Church of St John the Evangelist, Edinburgh
The Church of St John the Evangelist is a Scottish Episcopal church in the centre of Edinburgh, Scotland. It is sited at the west end of Princes Street, and is protected as a category A listed building.
It was dedicated as St John's Chapel on Maundy Thursday 1818 with construction having begun in 1816. It was designed by the architect William Burn the previous year, at the remarkable age of only 25.
The congregation had begun in 1792 when Daniel Sandford came to Edinburgh to minister on Church of England lines. In 1797 the Qualified congregation moved to Charlotte Chapel which was re-built on larger lines in 1811. They sold shares to fund a new church, the banker Sir William Forbes being the main figure, while Charlotte Chapel was sold to Baptists.
Edward Bannerman Ramsay went to St John's as curate in 1827. He succeeded Bishop Sandford as minister in 1830, and stayed till his death in 1872, being dean from 1846.
St John's holds daily services and is unique in that it is the last church in Scotland to hold the weekly service of Matins.
Stained glass is largely by Ballantine, but the east window is by William Raphael Eginton.
The morning chapel was furnished by Walker Todd in 1935.
List of rectors
- 1804–1830: Daniel Sandford
- 1830–1872: Edward Bannerman Ramsay
- 1873–1883: Daniel Fox Sandford
- 1883–1909: George James Cowley-Brown
- 1909–1919: George Frederick Terry
- 1919–1926: James Geoffrey Gordon
- 1927–1939: Charles Henry Ritchie
- 1940–1947: Sidney Harvie-Clark
- 1947–1961: David Brownfield Porter
- 1962–1969: Keith Appleby Arnold
- 1969–1981: Aeneas Mackintosh
- 1982–1997: Neville Chamberlain
- 1998–2012: John Andrew Armes
- 2013–date: Markus Dünzkofer (inducted 11/02/2013)
- General Sir John Campbell, 2nd Baronet of New Brunswick, Canada
- Sir Henry Raeburn
- Dean Edward Bannerman Ramsay (a tall granite Celtic cross by Robert Rowand Anderson of 1878 with Celtic bronze reliefs by Skidmore, facing Princes Street just east of the church)
- Rev Archibald Alison and his son William Pulteney Alison
- Sir William Arbuthnot, 1st Baronet
- Lesley Baillie subject of Robert Burns' poem "Bonnie Lesley"
- Thomas Balfour (1810–1838), MP for Orkney and Shetland
- George Joseph Bell (1770–1843), legal author
- General Sir Archibald Campbell, 1st Baronet (1769–1843)
- William Campbell, Lord Skerrington (1855–1927), Senator of the College of Justice 1908-9
- Sir James Clerk of Penicuik (1812–1870)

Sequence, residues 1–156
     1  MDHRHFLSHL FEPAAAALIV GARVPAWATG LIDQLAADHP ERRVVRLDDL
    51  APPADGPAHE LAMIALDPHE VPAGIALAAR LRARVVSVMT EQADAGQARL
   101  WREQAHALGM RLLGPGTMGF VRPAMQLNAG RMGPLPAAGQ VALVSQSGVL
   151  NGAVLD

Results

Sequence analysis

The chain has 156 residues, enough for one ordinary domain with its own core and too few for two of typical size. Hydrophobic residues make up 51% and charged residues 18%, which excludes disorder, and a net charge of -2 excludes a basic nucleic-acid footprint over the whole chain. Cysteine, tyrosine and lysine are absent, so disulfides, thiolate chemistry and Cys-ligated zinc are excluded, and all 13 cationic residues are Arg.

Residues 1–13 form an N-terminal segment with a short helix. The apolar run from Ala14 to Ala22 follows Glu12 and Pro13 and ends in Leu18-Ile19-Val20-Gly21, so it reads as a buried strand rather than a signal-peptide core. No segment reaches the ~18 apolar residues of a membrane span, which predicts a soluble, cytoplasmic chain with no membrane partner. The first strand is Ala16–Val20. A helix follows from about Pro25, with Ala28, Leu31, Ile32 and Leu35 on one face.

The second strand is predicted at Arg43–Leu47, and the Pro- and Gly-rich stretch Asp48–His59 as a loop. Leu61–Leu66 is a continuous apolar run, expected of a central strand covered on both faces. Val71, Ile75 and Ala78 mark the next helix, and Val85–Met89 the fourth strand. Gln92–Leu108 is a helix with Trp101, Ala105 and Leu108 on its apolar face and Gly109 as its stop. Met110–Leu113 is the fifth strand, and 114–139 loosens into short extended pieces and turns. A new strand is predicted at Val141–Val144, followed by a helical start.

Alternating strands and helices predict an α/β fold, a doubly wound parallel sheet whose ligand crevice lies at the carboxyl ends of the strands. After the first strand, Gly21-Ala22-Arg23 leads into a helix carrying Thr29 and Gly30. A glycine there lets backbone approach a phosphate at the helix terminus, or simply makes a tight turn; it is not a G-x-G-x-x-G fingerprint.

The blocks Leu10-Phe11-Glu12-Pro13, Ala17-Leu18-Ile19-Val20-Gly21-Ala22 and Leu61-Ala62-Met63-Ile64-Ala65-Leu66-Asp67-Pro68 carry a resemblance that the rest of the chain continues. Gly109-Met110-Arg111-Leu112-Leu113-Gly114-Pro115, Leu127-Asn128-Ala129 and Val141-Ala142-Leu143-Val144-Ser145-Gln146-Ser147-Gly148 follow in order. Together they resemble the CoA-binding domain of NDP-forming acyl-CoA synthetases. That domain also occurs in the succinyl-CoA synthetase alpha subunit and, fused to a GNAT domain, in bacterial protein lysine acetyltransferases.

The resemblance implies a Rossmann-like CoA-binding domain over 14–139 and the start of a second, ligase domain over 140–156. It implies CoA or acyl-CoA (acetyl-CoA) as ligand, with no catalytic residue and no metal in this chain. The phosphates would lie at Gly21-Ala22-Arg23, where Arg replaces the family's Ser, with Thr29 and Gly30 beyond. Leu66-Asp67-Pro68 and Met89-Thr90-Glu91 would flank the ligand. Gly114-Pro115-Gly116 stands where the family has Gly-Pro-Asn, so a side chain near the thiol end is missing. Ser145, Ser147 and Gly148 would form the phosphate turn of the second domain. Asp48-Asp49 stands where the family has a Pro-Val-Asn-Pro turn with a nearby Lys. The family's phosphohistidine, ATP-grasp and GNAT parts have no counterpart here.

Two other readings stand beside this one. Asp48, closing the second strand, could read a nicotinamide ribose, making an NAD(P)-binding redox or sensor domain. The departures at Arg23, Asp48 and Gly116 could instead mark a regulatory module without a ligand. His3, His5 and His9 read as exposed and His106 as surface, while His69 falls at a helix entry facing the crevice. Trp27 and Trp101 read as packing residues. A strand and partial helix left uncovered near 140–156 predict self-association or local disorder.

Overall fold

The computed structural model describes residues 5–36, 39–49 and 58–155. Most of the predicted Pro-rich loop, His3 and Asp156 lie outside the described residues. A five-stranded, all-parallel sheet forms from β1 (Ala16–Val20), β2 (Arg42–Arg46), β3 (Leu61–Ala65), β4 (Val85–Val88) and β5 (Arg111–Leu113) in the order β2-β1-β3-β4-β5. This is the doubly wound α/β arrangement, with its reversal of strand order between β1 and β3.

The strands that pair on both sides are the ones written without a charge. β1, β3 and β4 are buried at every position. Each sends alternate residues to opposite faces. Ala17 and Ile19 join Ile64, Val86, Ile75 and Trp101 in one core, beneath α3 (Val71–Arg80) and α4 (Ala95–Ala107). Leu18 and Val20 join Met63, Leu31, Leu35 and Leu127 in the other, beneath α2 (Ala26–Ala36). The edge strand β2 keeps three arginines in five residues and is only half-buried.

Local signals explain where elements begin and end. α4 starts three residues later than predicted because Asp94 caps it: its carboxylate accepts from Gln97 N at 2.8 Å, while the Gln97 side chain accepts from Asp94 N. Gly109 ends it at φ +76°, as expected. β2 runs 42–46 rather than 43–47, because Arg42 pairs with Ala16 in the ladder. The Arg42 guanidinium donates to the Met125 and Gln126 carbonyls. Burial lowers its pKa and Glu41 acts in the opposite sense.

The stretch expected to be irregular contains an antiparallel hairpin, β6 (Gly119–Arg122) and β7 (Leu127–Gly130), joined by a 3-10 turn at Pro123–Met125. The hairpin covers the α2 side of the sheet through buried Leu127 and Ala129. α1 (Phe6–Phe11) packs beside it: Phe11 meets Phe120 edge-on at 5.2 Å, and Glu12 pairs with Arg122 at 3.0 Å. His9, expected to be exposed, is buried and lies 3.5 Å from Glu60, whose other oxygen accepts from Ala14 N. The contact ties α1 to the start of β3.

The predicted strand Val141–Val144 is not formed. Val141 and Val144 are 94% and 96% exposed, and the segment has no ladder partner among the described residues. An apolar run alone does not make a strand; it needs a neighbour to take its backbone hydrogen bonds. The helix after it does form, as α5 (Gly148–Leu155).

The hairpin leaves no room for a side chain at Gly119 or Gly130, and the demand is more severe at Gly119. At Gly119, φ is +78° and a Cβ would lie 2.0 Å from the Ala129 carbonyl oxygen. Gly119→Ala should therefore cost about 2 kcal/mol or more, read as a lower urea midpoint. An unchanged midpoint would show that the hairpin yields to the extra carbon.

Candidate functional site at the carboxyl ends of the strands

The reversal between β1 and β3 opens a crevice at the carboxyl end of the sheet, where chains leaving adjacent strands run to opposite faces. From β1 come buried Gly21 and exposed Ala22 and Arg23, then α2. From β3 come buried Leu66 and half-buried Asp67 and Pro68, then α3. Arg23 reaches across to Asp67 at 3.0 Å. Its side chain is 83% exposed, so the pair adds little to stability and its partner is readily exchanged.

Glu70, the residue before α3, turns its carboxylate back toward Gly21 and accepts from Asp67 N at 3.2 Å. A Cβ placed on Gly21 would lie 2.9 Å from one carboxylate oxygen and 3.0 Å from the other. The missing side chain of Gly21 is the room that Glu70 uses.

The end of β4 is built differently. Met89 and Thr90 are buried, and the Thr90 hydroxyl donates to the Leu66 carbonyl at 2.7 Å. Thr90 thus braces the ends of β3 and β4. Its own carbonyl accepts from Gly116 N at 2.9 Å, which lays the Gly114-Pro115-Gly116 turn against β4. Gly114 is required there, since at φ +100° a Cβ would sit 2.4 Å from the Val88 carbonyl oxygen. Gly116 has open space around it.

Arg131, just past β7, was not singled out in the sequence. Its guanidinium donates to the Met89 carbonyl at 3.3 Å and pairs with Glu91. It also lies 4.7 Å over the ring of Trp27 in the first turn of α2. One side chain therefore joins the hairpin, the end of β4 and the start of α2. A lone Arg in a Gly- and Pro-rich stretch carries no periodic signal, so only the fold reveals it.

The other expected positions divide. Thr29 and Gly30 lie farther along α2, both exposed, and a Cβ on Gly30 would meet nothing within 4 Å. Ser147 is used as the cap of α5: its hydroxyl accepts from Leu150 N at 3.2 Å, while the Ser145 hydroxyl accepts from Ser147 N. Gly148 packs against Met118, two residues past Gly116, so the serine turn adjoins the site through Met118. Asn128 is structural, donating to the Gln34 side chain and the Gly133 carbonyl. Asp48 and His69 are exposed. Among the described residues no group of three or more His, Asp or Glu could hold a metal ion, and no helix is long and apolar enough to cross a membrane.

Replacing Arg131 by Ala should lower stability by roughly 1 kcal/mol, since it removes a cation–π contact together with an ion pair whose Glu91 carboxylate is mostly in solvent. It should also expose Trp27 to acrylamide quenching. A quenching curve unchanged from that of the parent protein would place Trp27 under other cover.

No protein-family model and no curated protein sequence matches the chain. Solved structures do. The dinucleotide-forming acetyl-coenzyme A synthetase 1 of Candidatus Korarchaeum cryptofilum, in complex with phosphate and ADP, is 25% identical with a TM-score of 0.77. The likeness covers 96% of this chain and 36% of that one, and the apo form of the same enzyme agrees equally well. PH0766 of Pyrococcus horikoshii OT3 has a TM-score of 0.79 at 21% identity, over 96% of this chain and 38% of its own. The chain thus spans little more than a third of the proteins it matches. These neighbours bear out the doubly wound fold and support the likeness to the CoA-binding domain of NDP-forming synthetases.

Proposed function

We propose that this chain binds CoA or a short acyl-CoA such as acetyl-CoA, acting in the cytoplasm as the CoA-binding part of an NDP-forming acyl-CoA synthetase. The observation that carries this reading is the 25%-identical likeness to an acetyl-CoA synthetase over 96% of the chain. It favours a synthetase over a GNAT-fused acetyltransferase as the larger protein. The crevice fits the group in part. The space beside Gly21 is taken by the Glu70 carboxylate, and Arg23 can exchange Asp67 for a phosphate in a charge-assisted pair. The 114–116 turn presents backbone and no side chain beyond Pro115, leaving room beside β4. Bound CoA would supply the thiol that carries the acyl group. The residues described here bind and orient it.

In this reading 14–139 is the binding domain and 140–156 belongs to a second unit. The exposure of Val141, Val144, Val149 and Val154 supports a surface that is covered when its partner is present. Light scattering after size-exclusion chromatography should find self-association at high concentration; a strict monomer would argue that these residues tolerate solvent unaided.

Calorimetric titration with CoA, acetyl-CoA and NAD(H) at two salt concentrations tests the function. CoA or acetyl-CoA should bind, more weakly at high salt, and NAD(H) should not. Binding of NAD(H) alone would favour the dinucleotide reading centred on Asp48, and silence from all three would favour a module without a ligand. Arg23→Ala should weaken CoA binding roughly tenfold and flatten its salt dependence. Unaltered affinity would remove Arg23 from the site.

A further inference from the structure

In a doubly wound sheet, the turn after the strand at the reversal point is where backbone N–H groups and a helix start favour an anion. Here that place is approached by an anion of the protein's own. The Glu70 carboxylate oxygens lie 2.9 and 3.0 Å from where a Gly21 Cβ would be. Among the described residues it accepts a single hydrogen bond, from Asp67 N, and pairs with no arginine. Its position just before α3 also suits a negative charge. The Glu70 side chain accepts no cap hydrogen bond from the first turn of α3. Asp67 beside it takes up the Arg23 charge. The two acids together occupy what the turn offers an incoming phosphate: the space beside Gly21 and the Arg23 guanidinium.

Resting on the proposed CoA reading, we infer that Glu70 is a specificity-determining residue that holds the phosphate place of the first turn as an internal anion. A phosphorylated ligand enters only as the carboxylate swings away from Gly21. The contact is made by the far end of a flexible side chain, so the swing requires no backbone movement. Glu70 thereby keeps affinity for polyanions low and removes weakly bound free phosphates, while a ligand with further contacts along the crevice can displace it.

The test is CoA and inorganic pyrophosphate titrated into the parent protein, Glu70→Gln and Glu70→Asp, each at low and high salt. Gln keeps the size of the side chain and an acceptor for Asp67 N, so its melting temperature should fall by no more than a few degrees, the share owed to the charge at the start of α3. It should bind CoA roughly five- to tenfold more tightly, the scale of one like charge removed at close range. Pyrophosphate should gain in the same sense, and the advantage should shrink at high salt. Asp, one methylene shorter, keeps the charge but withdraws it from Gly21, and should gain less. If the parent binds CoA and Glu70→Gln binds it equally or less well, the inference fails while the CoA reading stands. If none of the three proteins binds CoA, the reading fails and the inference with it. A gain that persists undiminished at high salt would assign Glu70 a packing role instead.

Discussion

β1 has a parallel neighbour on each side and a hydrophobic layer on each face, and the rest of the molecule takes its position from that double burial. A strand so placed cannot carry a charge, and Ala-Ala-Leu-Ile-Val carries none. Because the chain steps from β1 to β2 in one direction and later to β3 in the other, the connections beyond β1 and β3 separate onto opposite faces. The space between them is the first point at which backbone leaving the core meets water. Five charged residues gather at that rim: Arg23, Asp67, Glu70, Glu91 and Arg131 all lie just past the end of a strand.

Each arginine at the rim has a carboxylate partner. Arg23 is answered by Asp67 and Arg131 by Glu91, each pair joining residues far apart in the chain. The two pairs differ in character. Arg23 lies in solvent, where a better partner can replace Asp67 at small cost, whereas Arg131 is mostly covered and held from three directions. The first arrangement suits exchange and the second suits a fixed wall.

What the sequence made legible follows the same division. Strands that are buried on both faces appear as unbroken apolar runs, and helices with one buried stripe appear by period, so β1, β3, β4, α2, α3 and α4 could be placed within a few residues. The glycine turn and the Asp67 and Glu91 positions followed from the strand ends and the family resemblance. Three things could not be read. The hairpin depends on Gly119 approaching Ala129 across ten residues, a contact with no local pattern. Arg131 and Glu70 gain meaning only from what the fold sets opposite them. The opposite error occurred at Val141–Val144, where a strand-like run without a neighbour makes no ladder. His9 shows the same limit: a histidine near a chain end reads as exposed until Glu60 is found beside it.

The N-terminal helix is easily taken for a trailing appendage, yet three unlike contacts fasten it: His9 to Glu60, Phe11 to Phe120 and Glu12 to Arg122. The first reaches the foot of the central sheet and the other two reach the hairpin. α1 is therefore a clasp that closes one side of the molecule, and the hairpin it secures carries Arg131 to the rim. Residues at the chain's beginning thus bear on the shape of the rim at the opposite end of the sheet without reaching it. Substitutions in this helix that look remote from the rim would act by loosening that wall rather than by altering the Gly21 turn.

- James Donaldson (1751–1830), founder of Donaldson's School for the Deaf
- Andrew Duncan (1773–1832)
- Daniel Ellis (botanist) (1772–1841)
- Sir William Forbes's son George Forbes (died 1857)
- Prof Sir William Hamilton, 9th Baronet (1788–1856), metaphysician (stone moved and used as edge paving in the eastern enclosure)
- Prof Thomas Laycock (physiologist) (1812–1874)
- General Anthony MacRae (1812–1868), with bronze by Sir John Steell
- Sir Hugh Bates Maxwell and Sir William Maxwell, 9th and 10th Baronets of Calderwood (within the eastern enclosure)
- George Moir (1800–1870), lawyer and essayist
- John Shank More (1784–1861)
- Macvey Napier (1776–1847)
- Margaret Outram (1778–1863), widow of Benjamin Outram
- Dean Edward Bannerman Ramsay (buried distant from the memorial on Princes Street (see above) with a separate monument)
- Bishop Harry Reid (died 1943)
- Anne Rutherford (mother of Sir Walter Scott)
- Daniel Fox Sandford (1831–1906), Bishop of Tasmania, son of Daniel Sandford (bishop of Edinburgh), founder of the church.
- Catherine Sinclair (1800–1864), author
- Prof James Syme (1799–1870), surgeon
- William John Thomson (1771–1845), American-born artist, member of the Royal Scottish Academy
- James Walker (1781–1862), civil engineer
- Bishop James Walker (1770–1841)
- George Young, Lord Young (1819–1907)
Edinburgh City Centre Churches Together
- "St John's Church (Episcopal): Listed Building Report". Historic Scotland. Retrieved 29 June 2011.
- Memorials of the church of St. John the evangelist, Princes street, Edinburgh. George Frederick Terry. 1918
- Buildings of Scotland: Edinburgh, by Gifford McWilliam and Walker
- Together Trust Archived January 22, 2014, at the Wayback Machine.
- Church Website
- Church Choir Website
- St. John's on ScotlandPlaces
- The Episcopal Congregation of Charlotte Chapel, Edinburgh, 1794–1818. University of Stirling PhD Thesis by Eleanor M Harris